Quality Switch to Build $1M Voltage Testing Center

NEWTON FALLS, Ohio — Quality Switch Inc. intends to break ground on a new high-voltage testing and research center that company principals say will help expand its product line and improve its competiveness in the international market.

“We’re being pressured to broaden our product scope,” says Larry Dix, Quality Switch president. “To do that requires more testing.”

A groundbreaking ceremony is scheduled for Aug. 4 at 10 a.m.

Quality Switch manufactures switches used in electrical transformers and on utility power grids, industrial power supplies, and in specialized applications. Its switches range from 100 to 3,000 amperes, and voltages from 600 to 345,000 volts depending on the use.

The new testing facility, to be named The Horace H. Sewell High Voltage Testing & Research Center, will consist of a 50-foot high bay that will house new equipment, including a lighting impulse generator rated at 1.2 million volts. The equipment simulates a lighting strike.

And, the center will house a high potential transformer rated at 700,000 volts that would allow the company to possess research and testing capabilities that few other companies have, the company president says.

“Typically, we’d have to find a lab to test this, which bogs things down,” Dix says. “If the tests don’t meet your expectations, then you’ve got to go out and do it again, which takes time. A lot of these labs are booked well in advance.”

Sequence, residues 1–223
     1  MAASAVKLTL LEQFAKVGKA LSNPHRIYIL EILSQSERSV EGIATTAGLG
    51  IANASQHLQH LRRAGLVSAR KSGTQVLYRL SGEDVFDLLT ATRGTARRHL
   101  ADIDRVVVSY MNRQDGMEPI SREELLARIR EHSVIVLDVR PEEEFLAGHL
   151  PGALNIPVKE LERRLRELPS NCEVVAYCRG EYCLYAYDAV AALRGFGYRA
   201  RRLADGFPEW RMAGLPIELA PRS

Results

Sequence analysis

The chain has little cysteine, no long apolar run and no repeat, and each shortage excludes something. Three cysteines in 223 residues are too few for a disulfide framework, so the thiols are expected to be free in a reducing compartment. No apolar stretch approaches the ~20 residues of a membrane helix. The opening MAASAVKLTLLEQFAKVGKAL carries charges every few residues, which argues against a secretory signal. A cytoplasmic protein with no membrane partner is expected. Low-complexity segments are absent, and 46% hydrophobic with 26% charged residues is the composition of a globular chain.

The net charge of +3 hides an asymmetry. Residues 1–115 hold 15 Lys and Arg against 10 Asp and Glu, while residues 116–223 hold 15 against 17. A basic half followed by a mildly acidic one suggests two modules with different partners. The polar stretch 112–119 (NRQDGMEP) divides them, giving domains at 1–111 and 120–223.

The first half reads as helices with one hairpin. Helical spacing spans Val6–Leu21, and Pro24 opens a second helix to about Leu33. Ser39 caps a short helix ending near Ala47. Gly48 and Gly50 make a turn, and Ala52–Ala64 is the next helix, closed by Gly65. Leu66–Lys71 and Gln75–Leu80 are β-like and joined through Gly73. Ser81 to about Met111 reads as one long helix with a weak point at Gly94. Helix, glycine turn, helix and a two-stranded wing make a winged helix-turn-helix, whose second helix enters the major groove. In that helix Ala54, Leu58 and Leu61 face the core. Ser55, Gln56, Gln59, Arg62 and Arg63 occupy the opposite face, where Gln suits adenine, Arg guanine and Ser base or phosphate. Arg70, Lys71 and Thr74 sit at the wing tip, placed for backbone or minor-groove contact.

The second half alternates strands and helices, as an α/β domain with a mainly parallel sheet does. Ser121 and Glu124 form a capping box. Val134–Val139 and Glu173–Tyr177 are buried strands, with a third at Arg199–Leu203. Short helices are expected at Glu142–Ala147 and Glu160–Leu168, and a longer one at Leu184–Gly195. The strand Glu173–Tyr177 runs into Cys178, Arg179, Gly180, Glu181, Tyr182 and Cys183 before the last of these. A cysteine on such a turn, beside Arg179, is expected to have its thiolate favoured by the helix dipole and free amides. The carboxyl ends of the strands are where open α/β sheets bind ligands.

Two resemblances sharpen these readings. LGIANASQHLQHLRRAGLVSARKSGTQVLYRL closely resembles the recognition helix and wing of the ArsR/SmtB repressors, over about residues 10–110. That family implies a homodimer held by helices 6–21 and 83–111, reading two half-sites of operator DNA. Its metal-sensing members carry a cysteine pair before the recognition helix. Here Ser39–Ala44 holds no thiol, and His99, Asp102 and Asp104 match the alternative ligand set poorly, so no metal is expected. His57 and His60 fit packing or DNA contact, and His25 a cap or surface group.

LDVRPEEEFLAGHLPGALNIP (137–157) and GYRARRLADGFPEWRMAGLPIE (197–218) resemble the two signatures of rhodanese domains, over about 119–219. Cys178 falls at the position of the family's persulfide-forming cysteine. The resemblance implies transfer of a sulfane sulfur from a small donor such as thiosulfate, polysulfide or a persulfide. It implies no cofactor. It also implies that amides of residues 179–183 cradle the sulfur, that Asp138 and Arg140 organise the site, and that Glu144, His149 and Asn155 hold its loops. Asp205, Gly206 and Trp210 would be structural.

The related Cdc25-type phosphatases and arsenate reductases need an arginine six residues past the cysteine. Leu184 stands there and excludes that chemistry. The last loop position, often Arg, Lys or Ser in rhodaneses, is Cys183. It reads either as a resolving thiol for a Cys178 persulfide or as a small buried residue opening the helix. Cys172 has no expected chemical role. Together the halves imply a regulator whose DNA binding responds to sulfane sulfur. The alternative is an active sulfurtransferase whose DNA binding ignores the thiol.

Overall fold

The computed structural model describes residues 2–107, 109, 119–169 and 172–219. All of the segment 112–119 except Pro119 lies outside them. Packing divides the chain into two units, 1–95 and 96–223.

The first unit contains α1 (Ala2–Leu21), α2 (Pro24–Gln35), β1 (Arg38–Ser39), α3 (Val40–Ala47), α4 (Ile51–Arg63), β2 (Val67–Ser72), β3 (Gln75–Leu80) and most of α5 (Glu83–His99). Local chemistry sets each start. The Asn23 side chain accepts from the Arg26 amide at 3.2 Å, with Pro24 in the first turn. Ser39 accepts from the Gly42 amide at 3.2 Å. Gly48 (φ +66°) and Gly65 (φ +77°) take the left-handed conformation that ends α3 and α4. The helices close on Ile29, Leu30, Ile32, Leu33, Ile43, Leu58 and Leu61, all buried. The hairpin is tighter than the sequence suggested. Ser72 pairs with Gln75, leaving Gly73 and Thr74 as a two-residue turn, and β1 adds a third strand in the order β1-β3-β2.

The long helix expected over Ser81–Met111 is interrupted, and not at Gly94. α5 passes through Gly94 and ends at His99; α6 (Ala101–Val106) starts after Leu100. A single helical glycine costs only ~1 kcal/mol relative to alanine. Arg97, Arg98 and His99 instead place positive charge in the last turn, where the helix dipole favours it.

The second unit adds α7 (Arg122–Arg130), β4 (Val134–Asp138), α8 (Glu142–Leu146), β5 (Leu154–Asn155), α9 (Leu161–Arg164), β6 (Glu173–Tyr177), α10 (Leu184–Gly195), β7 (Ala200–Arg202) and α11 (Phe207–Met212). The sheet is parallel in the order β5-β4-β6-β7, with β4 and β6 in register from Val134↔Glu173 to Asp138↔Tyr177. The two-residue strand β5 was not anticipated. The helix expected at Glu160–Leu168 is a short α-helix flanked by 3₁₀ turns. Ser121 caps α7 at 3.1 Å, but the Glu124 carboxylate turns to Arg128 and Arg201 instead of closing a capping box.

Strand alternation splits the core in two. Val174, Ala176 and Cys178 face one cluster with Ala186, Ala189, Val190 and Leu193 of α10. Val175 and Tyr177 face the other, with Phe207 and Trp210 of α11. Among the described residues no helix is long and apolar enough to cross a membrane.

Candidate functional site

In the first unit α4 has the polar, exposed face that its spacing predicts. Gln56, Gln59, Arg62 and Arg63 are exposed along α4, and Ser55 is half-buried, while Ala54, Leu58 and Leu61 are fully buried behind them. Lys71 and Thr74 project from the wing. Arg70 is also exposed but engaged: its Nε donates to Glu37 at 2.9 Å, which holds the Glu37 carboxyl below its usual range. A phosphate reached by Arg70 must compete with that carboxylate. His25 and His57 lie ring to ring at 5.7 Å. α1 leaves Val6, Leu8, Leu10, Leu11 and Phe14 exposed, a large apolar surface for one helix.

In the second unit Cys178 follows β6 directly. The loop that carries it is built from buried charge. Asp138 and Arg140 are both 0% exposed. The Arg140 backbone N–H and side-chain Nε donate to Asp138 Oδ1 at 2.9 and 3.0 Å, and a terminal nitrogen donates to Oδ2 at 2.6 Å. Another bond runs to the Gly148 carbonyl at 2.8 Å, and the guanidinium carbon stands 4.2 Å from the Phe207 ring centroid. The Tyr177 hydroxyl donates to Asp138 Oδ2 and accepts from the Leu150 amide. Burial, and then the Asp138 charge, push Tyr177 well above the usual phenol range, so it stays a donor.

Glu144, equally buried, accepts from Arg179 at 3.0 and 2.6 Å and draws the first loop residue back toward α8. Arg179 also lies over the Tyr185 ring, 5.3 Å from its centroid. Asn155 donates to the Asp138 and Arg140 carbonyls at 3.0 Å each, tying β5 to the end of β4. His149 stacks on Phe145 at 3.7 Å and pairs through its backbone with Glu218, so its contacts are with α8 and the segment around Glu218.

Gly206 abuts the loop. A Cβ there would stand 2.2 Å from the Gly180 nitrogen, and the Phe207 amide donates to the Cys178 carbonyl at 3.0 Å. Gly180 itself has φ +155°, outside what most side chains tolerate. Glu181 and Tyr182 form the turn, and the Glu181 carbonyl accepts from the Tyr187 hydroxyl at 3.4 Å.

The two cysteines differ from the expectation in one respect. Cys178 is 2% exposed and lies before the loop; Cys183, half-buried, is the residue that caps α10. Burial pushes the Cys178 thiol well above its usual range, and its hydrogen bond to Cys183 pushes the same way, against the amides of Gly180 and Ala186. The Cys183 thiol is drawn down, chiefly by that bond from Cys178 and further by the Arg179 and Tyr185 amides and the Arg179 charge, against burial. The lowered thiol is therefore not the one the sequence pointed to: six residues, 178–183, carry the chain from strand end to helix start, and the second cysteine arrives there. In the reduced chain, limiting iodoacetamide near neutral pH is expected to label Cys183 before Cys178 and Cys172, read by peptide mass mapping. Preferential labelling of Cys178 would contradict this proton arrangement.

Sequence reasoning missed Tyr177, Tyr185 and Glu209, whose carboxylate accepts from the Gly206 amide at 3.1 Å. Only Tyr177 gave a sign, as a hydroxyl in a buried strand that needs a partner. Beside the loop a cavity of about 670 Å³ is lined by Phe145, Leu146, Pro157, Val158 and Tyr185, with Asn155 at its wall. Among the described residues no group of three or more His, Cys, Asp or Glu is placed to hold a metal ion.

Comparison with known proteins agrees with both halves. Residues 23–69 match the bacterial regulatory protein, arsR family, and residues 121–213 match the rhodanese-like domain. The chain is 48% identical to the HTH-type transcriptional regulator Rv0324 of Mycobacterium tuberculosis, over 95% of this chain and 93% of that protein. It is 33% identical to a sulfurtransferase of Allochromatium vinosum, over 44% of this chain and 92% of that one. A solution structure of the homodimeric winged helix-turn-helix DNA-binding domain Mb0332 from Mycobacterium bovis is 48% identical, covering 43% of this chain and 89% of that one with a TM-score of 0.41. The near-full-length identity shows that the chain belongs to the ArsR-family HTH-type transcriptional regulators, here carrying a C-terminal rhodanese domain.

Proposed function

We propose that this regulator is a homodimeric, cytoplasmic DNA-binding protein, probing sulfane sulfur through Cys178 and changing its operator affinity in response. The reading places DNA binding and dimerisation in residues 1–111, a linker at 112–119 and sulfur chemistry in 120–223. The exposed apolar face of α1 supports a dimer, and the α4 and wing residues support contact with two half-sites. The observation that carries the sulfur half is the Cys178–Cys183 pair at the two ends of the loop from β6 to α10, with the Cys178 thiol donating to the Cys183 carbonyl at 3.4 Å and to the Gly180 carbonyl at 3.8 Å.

The new lab, to named for the company’s founder, Horace Sewell, would give Quality Switch a much faster response time to its customers, Dix says. “If we get an idea, we can get the results quickly.”

Work on the building should be finished by the end of the year, and the first major piece of equipment should be moved in once construction is completed. A second piece of equipment should come in early 2016. “We can start testing during the first quarter of next year,” Dix says.

The project is expected to cost upwards of $1 million.

Quality Switch, a family-owned business that traces its roots to 1952, has emerged as a major supplier in the global market. This year, the company was the recipient of the Presidential “E” Award for growth in export sales.

About 40% of the company’s clients are outside the United States, a market that continues to grow. Quality Switch does business in Canada, Mexico, Australia and South Korea, and is pursuing opportunities in Colombia and Brazil. The company employs about 35.

In order to expand into the global market, Quality Switch is required to perform broader and more extensive testing on its designs and products, which is the purpose for the new lab.

“This new center will give us capabilities that just a handful of companies have worldwide,” Dix says.

Pictured: Workers at Quality Switch in Newton Falls, Ohio, manufacture switches used in electrical transformers.

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